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SQL Saturday Advice - Build a Foundation

I think this is a good idea, and I’ll give you some reasons, but every SQL Saturday ought to consider having a few sessions an hour before the main event starts.
When the Rocky Mountain TechTrifecta v2 came to Denver this past February, I was one of 7 or 8 people that was asked to run an early morning session. From 7:30-8:30, before the 9:00am kickoff, we had a number of sessions in various rooms that were essentially discussions. I actually picked up someone else’s session since they couldn’t make it, and had about 10 slides, but it was really me leading a discussion with 6 or 7 people in the room.
I wondered what was the point, but as I talked with Julie Yack, the organizer, she said that the previous year they’d had lots of people show up early to register and then stood around, not knowing what to do. I’ve seen that in other events, including many SQL Saturday’s as well. It takes time to register 200+ people, even if you are just giving out a name badge, and so the first person to come in has a lot of time to waste.
There’s also a lot of people that come to SQL Saturday that are very new beginners. They don’t understand a lot about SQL Server, and they’ll get lost during other sessions. Or they are experienced in one area, but not another.
This is the time for a basic foundation for SQL Server. Honestly I would suggest that every SQL Saturday recruit 4 or 5 speakers, and offer these basic sessions, a very, very junior level session, before the main event.
  1. Introduction to SQL Server
  2. Introduction to Reporting Services
  3. Introduction to Querying in T-SQL
  4. Introduction to Integration Services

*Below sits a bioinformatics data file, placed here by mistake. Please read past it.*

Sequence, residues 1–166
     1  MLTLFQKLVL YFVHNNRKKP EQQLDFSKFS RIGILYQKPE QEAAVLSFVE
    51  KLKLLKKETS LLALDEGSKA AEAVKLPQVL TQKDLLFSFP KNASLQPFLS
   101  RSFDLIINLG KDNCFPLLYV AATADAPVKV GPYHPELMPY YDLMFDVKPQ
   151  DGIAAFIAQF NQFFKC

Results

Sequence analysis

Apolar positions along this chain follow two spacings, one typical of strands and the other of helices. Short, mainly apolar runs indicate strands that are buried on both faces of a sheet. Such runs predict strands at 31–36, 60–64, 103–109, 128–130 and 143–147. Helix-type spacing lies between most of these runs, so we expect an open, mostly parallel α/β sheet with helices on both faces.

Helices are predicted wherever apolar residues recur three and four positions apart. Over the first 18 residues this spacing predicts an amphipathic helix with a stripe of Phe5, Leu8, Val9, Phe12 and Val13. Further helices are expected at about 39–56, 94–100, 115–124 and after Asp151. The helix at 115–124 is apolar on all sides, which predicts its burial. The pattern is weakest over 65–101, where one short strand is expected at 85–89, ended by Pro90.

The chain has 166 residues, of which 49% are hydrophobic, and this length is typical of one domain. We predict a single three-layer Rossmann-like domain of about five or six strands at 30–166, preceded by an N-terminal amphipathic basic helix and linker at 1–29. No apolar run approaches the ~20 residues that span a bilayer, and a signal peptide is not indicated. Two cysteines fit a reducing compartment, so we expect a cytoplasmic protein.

5. Introduction to Analysis Services (if you have speakers in this area)
Set up a few rooms, start them at 7:30 if you start the event at 9:00 and publicize them for beginners. You will have some very, very happy attendees.

The Voice of the DBA

Steve Jones is the editor of SQLServerCentral.com and visits a wide variety of data related topics in his daily editorial. Steve has spent years working as a DBA and general purpose Windows administrator, primarily working with SQL Server since it was ported from Sybase in 1990. You can follow Steve on Twitter at twitter.com/way0utwest


Posted by Rafael Salas on 15 July 2010

I like the idea. Perhaps SQL Saturday should have some of those sessions ready to be facilitated by the speakers. I think that would do the recruitment easier.

Posted by Steve Jones on 15 July 2010

I agree with that. I have been pushing the advanced speakers, ones that can handle a second session, to do one of these early. It's a commitment, and makes for a long day, but I think worth it.

Posted by swjohnson on 15 July 2010

I like it.  I think it would also promote networking and many people (myself included) prefer smaller group give/take types of discussions.  

Posted by Patrick LeBlanc on 15 July 2010

We had several requests for foundation sessions at our first SQL Saturday in Baton Rouge.  As a result, we have included four 7:30 foundation sessions this year.

Posted by John Racer on 15 July 2010

This is a great idea. I may have to put together another presentation for my mix.

Posted by Steve Jones on 15 July 2010

One other great thing I got from someone on Twitter. Get a developer to do a basic VB/C# one for DBAs. Maybe buy them lunch.

Posted by Jason Brimhall on 15 July 2010

Excellent ideas.

Maybe one session should be a Who's Who and where to get SQL help session..

Posted by Glenn Berry on 16 July 2010

Introductory sessions can be very useful for many people. It is too easy to assume that everyone is looking for 300-400 level sessions.

Posted by Dave Schutz on 19 July 2010

This is a great idea. We had our first SQL Saturday last month in Columbus, Ohio and I'll look to implement this next year.


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